If you’re coming to Korea to teach, take some time out and look over the contract carefully. Compare it with other offers you’ve received, and ask around. You’ll benefit from it. Trust me.



Written by Steve Miller

March 8, 2010 at 8:14 am

15 Responses

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  1. This is a great post. Very instructive.

    I think that whenever work involves living in another country, precautions should be taken so you don’t get screwed up upon arrival.

    I hope people looking to work in Korea stumbles across your blog entry 😉


    March 8, 2010 at 8:52 am

    • Thanks Mel. There are a lot of good schools in Korea to work for… but many, many bad ones. There are some horror stories out there and the best way to avoid getting into a bad situation is to do a lot of homework!


      March 8, 2010 at 8:54 am

  2. Great advice, thanks! I’m gonna start applying for jobs next month I think, so I will be sure to keep your tips in mind.


    March 8, 2010 at 2:12 pm

    • I hope it all goes well. If you need help, I can refer you to a great recruiter.


      March 8, 2010 at 2:33 pm

      • Thanks. I’ve got a recruiter in mind, hopefully things work out with them.


        March 8, 2010 at 3:13 pm

  3. How often do you write your blogs? I enjoy them a lot 5 7 9

    Martin Groome

    March 8, 2010 at 3:18 pm

    • I write them as often as I have a topic that comes to mind. I usually try to update the site a few times each week and roughly 15-20 times a month.


      March 8, 2010 at 6:22 pm

  4. Great advice. I had a friend who got screwed over by a school in Korea and ended up doing just that… Flying himself home!!!! This is a great post foe future overseas teachers, wherever the country.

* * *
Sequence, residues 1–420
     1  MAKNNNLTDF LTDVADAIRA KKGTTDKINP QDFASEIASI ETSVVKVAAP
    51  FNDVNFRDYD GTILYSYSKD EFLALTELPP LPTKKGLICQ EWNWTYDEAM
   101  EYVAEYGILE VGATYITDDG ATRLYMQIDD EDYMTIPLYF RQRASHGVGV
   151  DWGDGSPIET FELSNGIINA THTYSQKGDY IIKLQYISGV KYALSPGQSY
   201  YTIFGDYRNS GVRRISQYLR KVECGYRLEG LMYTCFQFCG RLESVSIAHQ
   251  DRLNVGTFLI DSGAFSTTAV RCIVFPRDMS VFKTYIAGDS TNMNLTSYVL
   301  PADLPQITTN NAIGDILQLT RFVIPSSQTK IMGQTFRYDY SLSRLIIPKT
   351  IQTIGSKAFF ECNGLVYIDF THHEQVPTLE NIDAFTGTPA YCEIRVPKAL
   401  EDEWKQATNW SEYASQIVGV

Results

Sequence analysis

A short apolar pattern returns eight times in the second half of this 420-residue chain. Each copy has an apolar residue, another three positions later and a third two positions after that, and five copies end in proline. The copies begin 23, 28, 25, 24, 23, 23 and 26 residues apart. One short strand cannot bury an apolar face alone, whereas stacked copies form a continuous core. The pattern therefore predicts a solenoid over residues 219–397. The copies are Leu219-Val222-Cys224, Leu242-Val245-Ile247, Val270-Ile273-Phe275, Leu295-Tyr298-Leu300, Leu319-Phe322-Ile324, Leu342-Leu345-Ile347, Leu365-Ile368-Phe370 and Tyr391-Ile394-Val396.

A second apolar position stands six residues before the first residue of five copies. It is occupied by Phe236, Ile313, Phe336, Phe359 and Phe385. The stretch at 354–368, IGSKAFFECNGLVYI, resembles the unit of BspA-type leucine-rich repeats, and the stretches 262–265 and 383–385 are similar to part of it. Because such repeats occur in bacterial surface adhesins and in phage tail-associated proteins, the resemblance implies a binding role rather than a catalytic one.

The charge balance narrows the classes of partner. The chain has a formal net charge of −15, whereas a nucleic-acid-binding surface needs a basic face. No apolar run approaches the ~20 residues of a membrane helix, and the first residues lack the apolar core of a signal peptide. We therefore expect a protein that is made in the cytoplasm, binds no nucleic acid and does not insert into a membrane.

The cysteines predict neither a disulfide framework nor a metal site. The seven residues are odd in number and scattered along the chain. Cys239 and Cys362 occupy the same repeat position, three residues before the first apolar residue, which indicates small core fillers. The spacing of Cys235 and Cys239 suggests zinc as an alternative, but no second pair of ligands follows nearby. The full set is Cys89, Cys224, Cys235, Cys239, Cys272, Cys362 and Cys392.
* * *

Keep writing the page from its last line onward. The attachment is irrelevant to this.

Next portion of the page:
March 8, 2010 at 9:30 pm

    • It’s unfortunate that there are so many school out there looking to take advantage of teachers. Thanks for the comment! I really appreciate it!


      March 9, 2010 at 8:42 am

  5. Wow, that was one bad contact, and a bad school! There should be a website or forum where people can post about their experiences, and make a “ban” list of schools that do these things, so that one can stay away.

    Great advice! I am sure they will be helpful to someone out there! 🙂 Let’s just hope they see your advice before signing a contract! 😀


    March 9, 2010 at 2:04 pm

    • There are actually a few places where you can research schools. One of the problems though, is that you have to sift through all the negative comments from teachers (in name only) that leave negative comments because of their personal experiences… not because the actual school was bad.


      March 9, 2010 at 4:07 pm

  6. Thanks! Jacob7207
    Jacob’s Grandfather was a rapist commander.

    Jeff K.

    March 9, 2010 at 7:23 pm

  7. Thanks the author for article. The main thing do not forget about users, and continue in the same spirit.


    March 19, 2010 at 10:42 pm

  8. I remember getting my pension cash out when I left Korea. It really helped out quite a bit when I was returning to the States.


    March 23, 2010 at 10:09 am

  9. I absolutely agree with every word the author has written in this article!

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    March 26, 2010 at 7:54 am